Home>ASTM Standards>ASTM E1981-98(R2020) pdf free download

ASTM E1981-98(R2020) pdf free download

ASTM E1981-98(R2020) pdf free download.Standard Guide for Assessing Thermal Stability of Materials by Methods of Accelerating Rate Calorimetry
1. Scope
1.1 This guide covers suggested procedures for the opera- tion of a calorimetric device designed to obtain temperature and pressure data as a function of time for systems undergoing a physicochemical change under nearly adiabatic conditions. 1.2 This guide outlines the calculation of thermodynamic parameters from the time, temperature, and pressure data recorded by a calorimetric device. 1.3 The assessment outlined in this guide may be used over a pressure range from full vacuum to the rated pressure of the reaction container and pressure transducer. The temperature range of the calorimeter typically varies from ambient to 500°C, but also may be user specified (see 6.6). 1.4 The values stated in SI units are to be regarded as standard. No other units of measurement are included in this standard. 1.5 This standard does not purport to address all of the safety concerns, if any, associated with its use. It is the responsibility of the user of this standard to establish appro- priate safety, health, and environmental practices and deter- mine the applicability of regulatory limitations prior to use. Specific safety precautions are outlined in Section 7. 1.6 This international standard was developed in accor- dance with internationally recognized principles on standard- ization established in the Decision on Principles for the Development of International Standards, Guides and Recom- mendations issued by the World Trade Organization Technical Barriers to Trade (TBT) Committee.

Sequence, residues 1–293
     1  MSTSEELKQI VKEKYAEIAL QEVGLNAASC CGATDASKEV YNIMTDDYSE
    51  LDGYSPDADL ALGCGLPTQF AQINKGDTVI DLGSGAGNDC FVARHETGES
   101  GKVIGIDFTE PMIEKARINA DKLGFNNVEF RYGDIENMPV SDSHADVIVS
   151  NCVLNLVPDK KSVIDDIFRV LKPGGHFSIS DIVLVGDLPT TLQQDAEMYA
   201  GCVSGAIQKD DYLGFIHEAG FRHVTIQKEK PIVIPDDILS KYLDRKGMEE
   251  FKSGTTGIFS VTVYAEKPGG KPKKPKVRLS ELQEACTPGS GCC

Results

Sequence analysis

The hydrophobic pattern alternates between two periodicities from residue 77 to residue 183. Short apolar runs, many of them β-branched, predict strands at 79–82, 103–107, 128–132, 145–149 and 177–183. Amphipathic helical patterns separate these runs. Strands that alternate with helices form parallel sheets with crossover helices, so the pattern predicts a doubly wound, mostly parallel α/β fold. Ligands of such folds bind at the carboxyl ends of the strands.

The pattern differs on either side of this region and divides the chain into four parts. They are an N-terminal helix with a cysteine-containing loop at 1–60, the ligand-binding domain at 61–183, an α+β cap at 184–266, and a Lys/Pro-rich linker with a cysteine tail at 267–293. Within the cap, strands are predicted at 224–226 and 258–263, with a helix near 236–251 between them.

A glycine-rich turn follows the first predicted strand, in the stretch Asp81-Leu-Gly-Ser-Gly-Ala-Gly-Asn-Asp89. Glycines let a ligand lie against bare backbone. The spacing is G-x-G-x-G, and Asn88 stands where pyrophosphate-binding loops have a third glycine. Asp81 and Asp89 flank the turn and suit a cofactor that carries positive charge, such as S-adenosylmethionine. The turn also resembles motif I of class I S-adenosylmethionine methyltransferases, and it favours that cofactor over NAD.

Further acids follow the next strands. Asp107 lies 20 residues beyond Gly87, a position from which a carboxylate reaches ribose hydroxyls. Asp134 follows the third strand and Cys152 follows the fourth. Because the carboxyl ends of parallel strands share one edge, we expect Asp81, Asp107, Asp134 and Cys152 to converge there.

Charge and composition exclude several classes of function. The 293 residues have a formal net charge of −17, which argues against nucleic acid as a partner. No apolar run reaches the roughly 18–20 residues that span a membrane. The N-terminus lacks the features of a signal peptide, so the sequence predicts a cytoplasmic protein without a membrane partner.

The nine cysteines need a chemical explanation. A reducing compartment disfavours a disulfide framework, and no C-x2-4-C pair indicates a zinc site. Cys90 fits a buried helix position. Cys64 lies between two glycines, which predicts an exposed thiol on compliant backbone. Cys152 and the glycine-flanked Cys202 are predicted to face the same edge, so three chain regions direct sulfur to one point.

4. Summary of Guide
4.1 A sample is placed in a reaction container and posi- tioned in the calorimeter (see Fig. 1). 4.2 The bomb is heated to a user-specified initial tempera- ture and allowed to come to equilibrium, whereupon a search for evidence of an exothermic reaction is undertaken. An exotherm is considered to have occurred when the user- specified rate of temperature rise is first exceeded. If no exotherm is detected, the system temperature is raised a specified increment and the system allowed to equilibrate again. This heat-wait-search cycle is repeated until either an exotherm is detected or the upper temperature limit of the test is reached. If an exotherm is detected, the surroundings are kept at the same temperature as the reaction container, allowing the system to be maintained without heat loss as the tempera- ture of the system increases due to the heat evolved during the exotherm. 4.3 Time, temperature, and pressure data are recorded at specified temperature intervals as a function of time. Addi- tional user-selected parameters may also be recorded or stored. 4.4 The recorded data are used to calculate the time rates of changes of pressure and temperature. These data may also be used to calculate a time-to-maximum rate (as defined in 3.1.12) and to obtain kinetic parameters (1-4) 4 for simple, non- autocatalytic exothermic reactions using the equations speci- fied in the vendors’ manual (subject to the limitations of 6.5). These data may also be adjusted for the sample- and container- specific heats to calculate an adiabatic temperature rise and heat of reaction.
5. Significance and Use
5.1 The data from this guide seldom, if ever, directly simulate thermal and pressure events in the processing, storage, and shipping of chemicals. However, the data obtained from this guide may be used, with suitable precautions, to predict the thermal and pressure hazards associated with processing, storage, and shipping of a chemical or mixture of chemicals after appropriate scaling ofthe data. This has been addressed in the literature (1-4) but is beyond the scope of this guide. 5.2 This guide is suitable, under the proper conditions, for the investigation of the effects of catalyst, inhibitors, initiators,reaction atmospheres, materials of construction, or, if available, agitation (see 6.1.2). 5.3 Interpretation of the time-temperature or time-pressure data may be possible for relatively simple systems through the use of suitable temperature-dependent kinetic theories such as the Arrhenius and Absolute Reaction Rate theories (5, 6).

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